● 1947 - Joe Mantegna, American actor

● 1948 - Sheila Frazier, Actress

● 1950 - Mary Lou Metzger, American singer, The Lawrence Welk Show

● 1950 - Gilbert Perreault, Canadian ice hockey player

● 1951(53? NYT) - Frances Conroy, American actress (''Six Feet Under'')

● 1953 - Andrew Ranken, Rock musician (''The Pogues'')

● 1954 - Scott McNealy, CEO of Sun Microsystems

● 1954 - Chris Noth, American actor (''Law and Order,'' ''Sex and the City'')

● 1955 - Whoopi Goldberg, American actress, comedian, and singer

● 1956 - Ginger Alden, American actress

● 1956 - Rex Linn, Actor (''CSI: Miami'')

● 1959 - Caroline Goodall, Actress

● 1960 - Neil Flynn, Actor (''Scrubs'')

● 1963 - Vinny Testaverde, American football player

● 1964 - Walter Kibby, Rock musician (Fishbone)

● 1967 - Jimmy Kimmel, American comedian and talk-show host

● 1968 - Steve Zahn, Actor

● 1968 - Pat Hentgen, baseball player

● 1969 - Gerard Butler, Scottish actor

● 1969 - Lori Berenson, U.S. journalist

● 1972 - Takuya Kimura, Japanese singer and actor

● 1976 - Hiroshi Tanahashi, Japanese professional wrestler

● 1977 - Chanel Cole, Australian singer

● 1978 - Nikolai Fraiture Bass player for NYC based band The Strokes

● 1979 - Ron Artest, American basketball player

● 1979 - Subliminal, Israeli rapper and producer

● 1980 - Monique Coleman, American actress

● 1981 - Mark Cardona, Filipino basketball player

● 1982 - Samkon Gado, American football player

● 1982 - Kumi Koda, Japanese singer


● 867 - Pope Nicholas I

● 1004 - Abbon of Fleury

● 1093 - King Malcolm III of Scotland (b. 1031)

● 1143 - King Fulk of Jerusalem

● 1170 - Albert I of Brandenburg

● 1314 - Albert the Degenerate

● 1345 - Constance of Penafiel, wife of Pedro I of Portugal (b. 1323)

● 1359 - Ivan II of Russia, Grand Prince of Moscow (b. 1326)

● 1460 - Prince Henry the Navigator, Portuguese patron of exploration (b. 1394)

● 1606 - Geronimo Mercuriali, Italian philologist and physician (b. 1530)

● 1619 - Ludovico Carracci, Italian painter (b. 1555)

● 1770 - George Grenville, Prime Minister of the United Kingdom (b. 1712)

● 1771 - Konrad Ernst Ackermann, German actor (b. 1712)

● 1862 - Ludwig Uhland, German poet (b. 1787)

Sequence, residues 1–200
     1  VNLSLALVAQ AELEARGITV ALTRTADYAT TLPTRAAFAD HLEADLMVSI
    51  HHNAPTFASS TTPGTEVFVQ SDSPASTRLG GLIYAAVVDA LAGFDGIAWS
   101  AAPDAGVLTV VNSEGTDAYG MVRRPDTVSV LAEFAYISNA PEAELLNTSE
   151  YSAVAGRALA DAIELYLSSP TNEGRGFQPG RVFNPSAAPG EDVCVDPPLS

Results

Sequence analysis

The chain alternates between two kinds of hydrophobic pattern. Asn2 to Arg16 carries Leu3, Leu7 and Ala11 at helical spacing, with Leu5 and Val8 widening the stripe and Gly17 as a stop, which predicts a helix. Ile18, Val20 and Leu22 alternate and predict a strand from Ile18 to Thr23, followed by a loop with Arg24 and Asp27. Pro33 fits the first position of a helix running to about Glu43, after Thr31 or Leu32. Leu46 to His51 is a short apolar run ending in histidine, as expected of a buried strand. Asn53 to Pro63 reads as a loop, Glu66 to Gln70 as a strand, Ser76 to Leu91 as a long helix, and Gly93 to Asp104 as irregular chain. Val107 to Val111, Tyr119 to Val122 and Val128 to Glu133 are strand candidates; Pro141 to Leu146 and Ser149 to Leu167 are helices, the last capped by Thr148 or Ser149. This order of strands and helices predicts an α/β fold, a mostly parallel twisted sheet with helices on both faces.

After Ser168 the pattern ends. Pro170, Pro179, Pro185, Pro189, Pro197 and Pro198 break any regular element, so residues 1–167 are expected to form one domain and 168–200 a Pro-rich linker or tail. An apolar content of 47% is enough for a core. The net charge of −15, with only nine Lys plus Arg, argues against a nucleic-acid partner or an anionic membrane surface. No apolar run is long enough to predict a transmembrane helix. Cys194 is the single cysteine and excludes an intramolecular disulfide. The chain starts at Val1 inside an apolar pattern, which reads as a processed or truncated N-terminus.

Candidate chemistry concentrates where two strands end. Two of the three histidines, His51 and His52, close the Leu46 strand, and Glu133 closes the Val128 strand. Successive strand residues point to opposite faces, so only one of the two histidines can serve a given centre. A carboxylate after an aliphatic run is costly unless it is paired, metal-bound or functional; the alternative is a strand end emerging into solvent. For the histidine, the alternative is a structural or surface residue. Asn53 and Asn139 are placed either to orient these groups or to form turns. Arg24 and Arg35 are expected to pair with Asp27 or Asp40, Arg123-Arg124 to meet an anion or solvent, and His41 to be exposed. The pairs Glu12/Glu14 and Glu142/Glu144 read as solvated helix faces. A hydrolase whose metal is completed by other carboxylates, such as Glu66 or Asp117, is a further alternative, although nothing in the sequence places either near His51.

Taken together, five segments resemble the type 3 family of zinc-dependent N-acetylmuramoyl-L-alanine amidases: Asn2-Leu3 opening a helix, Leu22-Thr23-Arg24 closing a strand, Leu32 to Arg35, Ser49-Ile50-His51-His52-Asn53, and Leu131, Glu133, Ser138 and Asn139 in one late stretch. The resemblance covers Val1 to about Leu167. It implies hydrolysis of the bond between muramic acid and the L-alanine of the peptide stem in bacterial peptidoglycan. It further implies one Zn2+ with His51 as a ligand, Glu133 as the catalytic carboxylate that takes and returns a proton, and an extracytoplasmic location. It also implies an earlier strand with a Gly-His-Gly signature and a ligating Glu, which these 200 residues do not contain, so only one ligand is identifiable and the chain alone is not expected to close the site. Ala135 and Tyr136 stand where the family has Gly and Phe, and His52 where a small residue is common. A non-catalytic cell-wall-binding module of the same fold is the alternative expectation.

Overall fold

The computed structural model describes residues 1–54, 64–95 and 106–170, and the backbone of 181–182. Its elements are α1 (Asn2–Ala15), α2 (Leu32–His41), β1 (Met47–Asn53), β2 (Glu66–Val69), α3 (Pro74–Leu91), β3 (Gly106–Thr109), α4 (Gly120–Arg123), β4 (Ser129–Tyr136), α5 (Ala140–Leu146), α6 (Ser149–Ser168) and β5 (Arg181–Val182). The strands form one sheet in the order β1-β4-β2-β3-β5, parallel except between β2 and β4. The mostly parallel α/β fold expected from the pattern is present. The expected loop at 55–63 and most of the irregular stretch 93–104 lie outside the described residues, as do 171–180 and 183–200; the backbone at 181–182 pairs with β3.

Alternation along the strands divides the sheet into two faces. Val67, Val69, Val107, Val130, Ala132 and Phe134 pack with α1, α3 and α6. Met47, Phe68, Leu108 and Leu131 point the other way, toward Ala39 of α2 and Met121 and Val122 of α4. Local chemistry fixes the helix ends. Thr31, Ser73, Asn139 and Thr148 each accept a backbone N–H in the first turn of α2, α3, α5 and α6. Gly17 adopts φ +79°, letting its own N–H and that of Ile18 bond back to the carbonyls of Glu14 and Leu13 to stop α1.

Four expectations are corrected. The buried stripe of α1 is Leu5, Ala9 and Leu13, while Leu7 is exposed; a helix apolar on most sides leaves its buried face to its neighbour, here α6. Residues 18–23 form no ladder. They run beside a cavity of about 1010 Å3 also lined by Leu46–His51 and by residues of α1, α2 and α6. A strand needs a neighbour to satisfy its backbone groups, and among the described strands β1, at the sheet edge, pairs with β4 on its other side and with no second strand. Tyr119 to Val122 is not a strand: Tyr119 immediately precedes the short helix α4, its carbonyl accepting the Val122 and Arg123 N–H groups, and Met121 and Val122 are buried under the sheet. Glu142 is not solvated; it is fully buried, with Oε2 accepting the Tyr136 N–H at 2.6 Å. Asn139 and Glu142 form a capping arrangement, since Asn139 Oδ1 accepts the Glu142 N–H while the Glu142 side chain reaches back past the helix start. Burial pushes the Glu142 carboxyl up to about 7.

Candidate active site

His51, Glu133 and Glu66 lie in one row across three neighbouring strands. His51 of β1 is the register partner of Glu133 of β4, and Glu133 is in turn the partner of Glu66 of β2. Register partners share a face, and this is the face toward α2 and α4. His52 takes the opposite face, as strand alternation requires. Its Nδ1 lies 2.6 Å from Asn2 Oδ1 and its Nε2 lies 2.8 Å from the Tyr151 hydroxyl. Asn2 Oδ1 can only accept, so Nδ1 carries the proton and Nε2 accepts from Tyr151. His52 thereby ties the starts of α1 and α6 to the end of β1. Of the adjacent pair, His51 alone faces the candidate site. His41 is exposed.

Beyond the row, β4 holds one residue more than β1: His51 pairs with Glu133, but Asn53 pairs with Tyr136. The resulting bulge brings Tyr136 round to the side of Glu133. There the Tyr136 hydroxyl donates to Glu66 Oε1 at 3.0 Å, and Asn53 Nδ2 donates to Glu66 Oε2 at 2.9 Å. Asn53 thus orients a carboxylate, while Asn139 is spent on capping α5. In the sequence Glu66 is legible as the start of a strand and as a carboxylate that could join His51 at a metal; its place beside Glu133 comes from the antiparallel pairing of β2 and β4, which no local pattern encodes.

● 1867 - Adolphe Napoleon Didron, French archaeologist (b. 1806)

● 1868 - Gioacchino Rossini, Italian composer (b. 1792)

● 1903 - Camille Pissarro, French painter (b. 1830)

● 1952 - Margaret Wise Brown, American children's author (b. 1910)

● 1954 - Paul Ludwig Ewald von Kleist, German field marshal (b. 1881)

● 1967 - Harriet Cohen, English pianist (b. 1895)

● 1973 - Lila Lee, American actress (b. 1901)

● 1974 - Vittorio De Sica, Italian film director (b. 1901)

● 1974 - Karen Silkwood, American activist (b. 1946)

● 1975 - Olga Berggolts, Russian poet (b. 1910)

● 1988 - Antal Dorati, Hungarian conductor (b. 1906)

● 1988 - Jaromír Vejvoda, Czech composer (b. 1902)

● 1994 - Motoo Kimura, Japanese geneticist (b. 1924)

● 1996 - Swami Rama, Himalayan yoga master (b. 1925)

● 1997 - André Boucourechliev, French composer (b. 1925)

● 1997 - Dawud M. Mu'Min, American convicted murderer (b. 1953)

● 1998 - Michel Trudeau, Canadian outdoorsman, son of Pierre Trudeau (b. 1975)

● 2003 - Kellie Waymire, American actress (b. 1967)

● 2004 - John Balance, English musician and artist (b. 1962)

● 2004 - Ol' Dirty Bastard, American rapper (b. 1968)

● 2005 - Eddie Guerrero, Mexican-born professional wrestler (b. 1967)


● Roman Catholic Saints:
● St. Homobonus
● St. Frances Xavier Cabrini (Mother Cabrini, virgin, (1850-1917) first American Roman Catholic Satint)
● St. Bricius of Tours (Brice)
● St. Didacus, confessor
● St. Abbo
● St. Arcadius and Companions
● St. Caillin
● St. Chillien
● St. Columba
● St. Columba
● St. Dalmatius
● St. Devinicus
● St. Gredifael
● St. Quintian
● St. Maxellendis
● St. Mitrius

● Russian Orthodox Christian Menaion Calendar October 28 (Civil Date: November 13)
● Martyrs Terence and Neonilla and their children Sarbelus, Photus, Theodulus, Hierax, Nitus, Bele, and Eunice.
● St. Stephen of St. Sabbas' Monastery, hymnographer.
● Repose of St. Arsenius, Archbishop of Serbia.
● Great Martyr Parasceva of Iconium.
● Martyrs Africanus, Terence, Maximus, Pompeius, and 37 others, of Carthage.
● St. John the Chozebite, monk.
● Hieromartyr Cyriacus, Patriarch of Jerusalem, and his mother Martyr Anna.
● St. Firmilian, Bishop of Caesarea in Cappadocia, and St. Malchion, presbyter.
● St. Febronia, daughter of Emperor Heraclius.
● St. Neophytus, Bishop of Urbinsk in Georgia.
● Repose of St. Job of Pochaev.
● St. Demetrius, Metropolitan of Rostov.
● St. Nestor (not the Chronicler) of the Kiev Caves.
● St. Athanasius I, Patriarch of Constantinople (Mt. Athos.) .
● Righteous Virgin Parasceva of Pirimin on the Pinega River (Archangelsk).
● New Martyr Priest Michael Lektorsky (1921).

● Greek Calendar
● New Martyrs Angelis, Manuel, George and Nicholas, of Crete.
● Repose of Blessed Schema hieromonk Theophilus, fool for Christ of the Kiev Caves (1852).

● Roman Festival: - Iovis epulum; feast of Feronia

● Grenada and New Zealand: Remembrance Day

● Laos : King's Birthday

● Note: These holidays are only applicable on a given "day of the week"
● West Germany : Repentance Day – ( Wednesday )
● England : Lord Mayor's Day – ( Saturday )

Click on this LINK to see original Wikipedia list with many having links with details.

Additional facts taken from:

On this day in the New York Times

The BBC’s Take on the day

On This Day Website

Geov Parrish's this Day in Radical History, things that happened on this day that you never had to memorize in school.